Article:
HVAC 'airmen' provide more than summer comfort
The Altus AFB Heating, Ventilation and Air Conditioning shop is responsible for regulating the temperature throughout all base facilities, maintaining workable and livable environments and ensuring mission success.
The HVAC shop is tasked with providing fully functional HVAC and refrigeration equipment through technically competent mechanics while maintaining the highest levels of customer satisfaction.
The services provided by the HVAC shop are not only essential for the comfort levels of base personnel; they also play a crucial role in keeping vital pieces of equipment in working order, such as the flight simulators and network centers.
“The mission of the HVAC shop is to make sure the mission of Altus AFB doesn’t stop because of us,” said Jerimy Colson, 97th Civil Engineer Squadron industrial controls mechanic. “Air conditioning is especially important for simulator training to keep the machines and computers cool.”
Since Altus AFB is the primary formal training unit for all U.S. Air Force C-17 Globemaster III cargo aircraft, U.S. Air Force KC-135 refueling aircraft, and the addition of the U.S. Air Force KC-46 Pegasus refueling aircraft in the near future, proper maintenance of flight simulators is essential for Altus AFB to carry out its mission of training and deploying Airmen warriors.
“If it gets above a certain temperature, the simulator bays actually have to be shut down,” said U.S. Air Force Airman 1st Class Cameron Young, 97th CES HVAC technician. “If we don’t regulate the temperature, the students wouldn’t be able to train and the mission as a whole could come to a halt.”
The HVAC team is also responsible for maintaining appropriate heating and cooling capabilities in all base facilities such as offices and dorm rooms.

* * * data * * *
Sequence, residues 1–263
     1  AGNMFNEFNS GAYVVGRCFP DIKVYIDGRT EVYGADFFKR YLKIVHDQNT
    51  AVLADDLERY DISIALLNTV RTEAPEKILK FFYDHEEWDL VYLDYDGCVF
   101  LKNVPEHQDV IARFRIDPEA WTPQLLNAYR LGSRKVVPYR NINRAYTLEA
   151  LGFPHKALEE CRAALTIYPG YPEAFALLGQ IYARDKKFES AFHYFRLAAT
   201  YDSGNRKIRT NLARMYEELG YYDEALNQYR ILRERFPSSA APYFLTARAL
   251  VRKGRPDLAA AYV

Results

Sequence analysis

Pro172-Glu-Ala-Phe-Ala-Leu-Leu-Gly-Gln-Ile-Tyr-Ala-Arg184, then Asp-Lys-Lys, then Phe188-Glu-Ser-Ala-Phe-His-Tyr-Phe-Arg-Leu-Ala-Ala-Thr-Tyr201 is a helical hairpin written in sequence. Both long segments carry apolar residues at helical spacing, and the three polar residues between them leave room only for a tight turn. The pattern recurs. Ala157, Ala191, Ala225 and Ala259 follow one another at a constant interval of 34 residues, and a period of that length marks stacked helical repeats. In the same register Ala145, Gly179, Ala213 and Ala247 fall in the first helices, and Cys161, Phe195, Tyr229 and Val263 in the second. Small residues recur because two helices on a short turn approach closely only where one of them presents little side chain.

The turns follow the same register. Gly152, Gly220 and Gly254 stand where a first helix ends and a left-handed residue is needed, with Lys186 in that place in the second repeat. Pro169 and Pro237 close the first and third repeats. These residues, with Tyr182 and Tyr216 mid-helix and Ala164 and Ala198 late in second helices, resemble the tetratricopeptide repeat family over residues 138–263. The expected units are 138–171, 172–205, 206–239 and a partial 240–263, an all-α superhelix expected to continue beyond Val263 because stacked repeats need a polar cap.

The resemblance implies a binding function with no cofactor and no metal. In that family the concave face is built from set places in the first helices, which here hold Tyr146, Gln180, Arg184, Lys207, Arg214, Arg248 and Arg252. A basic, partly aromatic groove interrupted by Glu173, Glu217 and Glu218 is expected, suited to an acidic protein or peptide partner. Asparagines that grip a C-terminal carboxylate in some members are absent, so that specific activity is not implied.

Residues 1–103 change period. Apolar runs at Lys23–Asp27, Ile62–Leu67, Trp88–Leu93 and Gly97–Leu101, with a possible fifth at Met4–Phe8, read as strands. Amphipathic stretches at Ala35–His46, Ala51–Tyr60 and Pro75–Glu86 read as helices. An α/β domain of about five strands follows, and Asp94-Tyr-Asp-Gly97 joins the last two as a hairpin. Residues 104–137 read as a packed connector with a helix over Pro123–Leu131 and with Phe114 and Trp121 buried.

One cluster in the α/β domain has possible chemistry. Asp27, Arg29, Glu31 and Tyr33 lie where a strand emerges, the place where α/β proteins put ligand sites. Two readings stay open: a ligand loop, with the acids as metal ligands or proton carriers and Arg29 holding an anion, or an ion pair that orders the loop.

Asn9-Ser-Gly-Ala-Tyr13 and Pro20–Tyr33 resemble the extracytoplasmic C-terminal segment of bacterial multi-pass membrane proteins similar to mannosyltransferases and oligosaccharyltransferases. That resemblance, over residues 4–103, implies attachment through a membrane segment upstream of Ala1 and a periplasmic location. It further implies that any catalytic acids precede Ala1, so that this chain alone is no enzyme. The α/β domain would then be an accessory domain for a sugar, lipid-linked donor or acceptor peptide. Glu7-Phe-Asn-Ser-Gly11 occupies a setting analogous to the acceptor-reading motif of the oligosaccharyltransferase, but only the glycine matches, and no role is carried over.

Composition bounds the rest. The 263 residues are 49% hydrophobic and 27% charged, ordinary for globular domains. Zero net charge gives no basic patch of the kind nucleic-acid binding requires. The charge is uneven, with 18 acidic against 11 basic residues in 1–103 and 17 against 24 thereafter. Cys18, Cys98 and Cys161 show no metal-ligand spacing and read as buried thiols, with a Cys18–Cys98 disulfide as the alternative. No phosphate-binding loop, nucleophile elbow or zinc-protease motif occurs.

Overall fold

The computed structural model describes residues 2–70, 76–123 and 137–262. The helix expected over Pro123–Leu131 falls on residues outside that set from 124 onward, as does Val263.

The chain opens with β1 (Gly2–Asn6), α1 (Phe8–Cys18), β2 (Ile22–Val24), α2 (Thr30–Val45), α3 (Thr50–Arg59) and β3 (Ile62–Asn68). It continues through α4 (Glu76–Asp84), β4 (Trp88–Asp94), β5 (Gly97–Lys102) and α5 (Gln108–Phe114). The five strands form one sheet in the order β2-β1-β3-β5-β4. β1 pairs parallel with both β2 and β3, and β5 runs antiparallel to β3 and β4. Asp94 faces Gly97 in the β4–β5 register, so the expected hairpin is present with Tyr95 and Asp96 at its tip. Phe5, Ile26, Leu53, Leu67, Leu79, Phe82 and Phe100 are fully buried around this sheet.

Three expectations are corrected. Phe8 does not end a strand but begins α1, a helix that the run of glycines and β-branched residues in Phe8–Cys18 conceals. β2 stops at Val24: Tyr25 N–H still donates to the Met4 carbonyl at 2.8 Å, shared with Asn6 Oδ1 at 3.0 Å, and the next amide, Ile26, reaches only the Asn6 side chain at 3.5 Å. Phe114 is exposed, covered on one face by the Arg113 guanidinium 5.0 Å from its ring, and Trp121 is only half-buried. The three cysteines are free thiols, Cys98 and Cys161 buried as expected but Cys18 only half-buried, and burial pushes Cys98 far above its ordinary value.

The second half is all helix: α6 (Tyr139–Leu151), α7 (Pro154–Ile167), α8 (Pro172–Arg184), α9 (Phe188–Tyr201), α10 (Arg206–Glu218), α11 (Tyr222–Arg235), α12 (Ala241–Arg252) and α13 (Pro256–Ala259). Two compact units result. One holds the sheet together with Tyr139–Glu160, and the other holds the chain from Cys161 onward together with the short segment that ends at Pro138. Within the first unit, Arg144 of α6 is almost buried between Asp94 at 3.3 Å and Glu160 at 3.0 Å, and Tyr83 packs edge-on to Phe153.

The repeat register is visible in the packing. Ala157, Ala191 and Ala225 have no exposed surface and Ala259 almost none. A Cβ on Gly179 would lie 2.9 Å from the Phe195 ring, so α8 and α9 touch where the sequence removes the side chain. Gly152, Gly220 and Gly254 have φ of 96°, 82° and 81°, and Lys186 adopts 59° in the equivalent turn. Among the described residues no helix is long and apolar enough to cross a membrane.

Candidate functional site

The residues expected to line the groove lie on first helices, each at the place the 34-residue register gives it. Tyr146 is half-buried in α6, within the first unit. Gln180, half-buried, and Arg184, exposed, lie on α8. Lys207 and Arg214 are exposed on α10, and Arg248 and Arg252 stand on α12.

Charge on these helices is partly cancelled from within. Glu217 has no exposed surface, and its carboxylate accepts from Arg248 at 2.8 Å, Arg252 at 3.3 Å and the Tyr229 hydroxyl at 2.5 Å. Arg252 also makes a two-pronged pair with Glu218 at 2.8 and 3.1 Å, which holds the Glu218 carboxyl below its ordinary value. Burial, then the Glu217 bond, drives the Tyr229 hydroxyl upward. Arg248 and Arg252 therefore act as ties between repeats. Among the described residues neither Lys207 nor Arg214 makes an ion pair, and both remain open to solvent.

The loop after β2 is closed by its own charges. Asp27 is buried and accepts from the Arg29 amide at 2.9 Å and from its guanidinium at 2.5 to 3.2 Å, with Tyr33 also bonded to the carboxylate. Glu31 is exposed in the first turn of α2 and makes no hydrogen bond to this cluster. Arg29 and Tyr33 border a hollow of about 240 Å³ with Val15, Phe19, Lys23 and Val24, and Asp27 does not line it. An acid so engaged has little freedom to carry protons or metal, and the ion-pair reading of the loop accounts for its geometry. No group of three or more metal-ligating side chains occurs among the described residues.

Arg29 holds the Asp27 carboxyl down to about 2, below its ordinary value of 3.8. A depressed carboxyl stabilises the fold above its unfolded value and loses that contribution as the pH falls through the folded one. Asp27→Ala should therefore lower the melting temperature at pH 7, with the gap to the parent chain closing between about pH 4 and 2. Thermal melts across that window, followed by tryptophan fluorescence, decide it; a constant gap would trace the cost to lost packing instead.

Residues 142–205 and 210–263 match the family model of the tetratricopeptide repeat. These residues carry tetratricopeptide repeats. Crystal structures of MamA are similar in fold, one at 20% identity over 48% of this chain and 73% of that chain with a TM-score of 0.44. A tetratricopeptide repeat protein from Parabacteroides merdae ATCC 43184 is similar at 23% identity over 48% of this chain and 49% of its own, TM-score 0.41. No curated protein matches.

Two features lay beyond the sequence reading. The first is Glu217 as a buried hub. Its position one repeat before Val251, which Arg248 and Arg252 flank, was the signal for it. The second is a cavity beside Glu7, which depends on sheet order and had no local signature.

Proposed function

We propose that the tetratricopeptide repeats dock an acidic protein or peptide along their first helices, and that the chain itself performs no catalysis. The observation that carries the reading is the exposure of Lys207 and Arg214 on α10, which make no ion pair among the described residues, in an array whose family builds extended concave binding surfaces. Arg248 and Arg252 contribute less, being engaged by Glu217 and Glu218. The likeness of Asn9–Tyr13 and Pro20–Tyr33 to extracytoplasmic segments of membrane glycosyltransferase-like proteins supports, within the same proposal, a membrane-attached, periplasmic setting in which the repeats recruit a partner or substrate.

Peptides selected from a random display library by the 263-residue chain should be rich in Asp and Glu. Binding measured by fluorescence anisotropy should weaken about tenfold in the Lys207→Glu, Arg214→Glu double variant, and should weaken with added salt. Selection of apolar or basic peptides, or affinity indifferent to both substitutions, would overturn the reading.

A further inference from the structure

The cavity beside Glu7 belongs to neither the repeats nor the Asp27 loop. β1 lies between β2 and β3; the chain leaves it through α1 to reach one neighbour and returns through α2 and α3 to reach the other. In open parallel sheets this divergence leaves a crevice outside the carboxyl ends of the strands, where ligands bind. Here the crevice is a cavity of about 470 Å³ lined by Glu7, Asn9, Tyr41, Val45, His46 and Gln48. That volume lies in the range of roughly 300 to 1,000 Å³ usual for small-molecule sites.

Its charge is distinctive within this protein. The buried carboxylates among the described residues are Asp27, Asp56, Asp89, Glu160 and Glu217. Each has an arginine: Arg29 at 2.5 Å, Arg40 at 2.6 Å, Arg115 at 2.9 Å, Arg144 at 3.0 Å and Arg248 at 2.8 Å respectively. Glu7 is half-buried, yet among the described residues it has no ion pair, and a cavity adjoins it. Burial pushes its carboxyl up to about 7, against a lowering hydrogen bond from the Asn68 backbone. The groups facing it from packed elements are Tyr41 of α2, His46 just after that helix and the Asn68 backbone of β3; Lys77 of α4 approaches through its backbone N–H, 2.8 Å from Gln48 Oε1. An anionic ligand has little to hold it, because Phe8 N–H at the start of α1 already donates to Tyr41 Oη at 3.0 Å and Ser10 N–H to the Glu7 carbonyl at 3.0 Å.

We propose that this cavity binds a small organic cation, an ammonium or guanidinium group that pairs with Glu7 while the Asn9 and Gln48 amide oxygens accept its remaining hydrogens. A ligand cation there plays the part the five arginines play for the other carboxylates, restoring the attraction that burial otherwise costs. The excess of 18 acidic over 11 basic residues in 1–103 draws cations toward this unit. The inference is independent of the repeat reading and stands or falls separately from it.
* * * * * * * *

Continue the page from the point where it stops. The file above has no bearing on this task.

“Maintaining the Airman’s living quarters in the dorms is a top priority,” said U.S. Air Force Tech. Sgt. Kristopher Elliott, 97th CES NCO in charge of the HVAC shop. “Personnel can work in other rooms temporarily if their facility has heating or cooling issues, but the dorm residents can only go to their room or the day room. There’s nowhere else they can go if their room is without air conditioning.”
Some of the civilians working in the HVAC shop have been in the career field for years, and help to train the Airmen assigned to Altus AFB.
“To get really comfortable in this job takes at least three to five years. I’ve been in the HVAC field for 20 years and I still learn something every day,” said Colson. “We train our guys to be as good as they can be so when they leave here and go to another place, or if they’re sent to Afghanistan or anywhere else in the world, they know their job and know what to do.”
Recently, HVAC Airmen had to work after duty hours on two-hour shifts to monitor a chiller unit for the simulators that was having complications. Airmen stood out there and kept an eye on the unit until 2:30 a.m., ready to restart it if it shut off so that it could maintain the necessary temperature to keep the simulators running.
Though being part of the HVAC shop often means working long hours in uncomfortable circumstances, the Airmen and civilians who make up the team expressed nothing but pride in their work.
“This job is challenging. It’s physically demanding a lot of the time, and it also challenges you mentally. It’s a challenge every day to be able to fix anything, and that’s what drives us. That’s what people who are good at this job like to do. We are people who like to be challenged,” said Colson. “The most rewarding part of the job is working a complex problem, figuring it out, and seeing the smile on the customer’s face. If that doesn’t reward you enough, you’re in the wrong business.”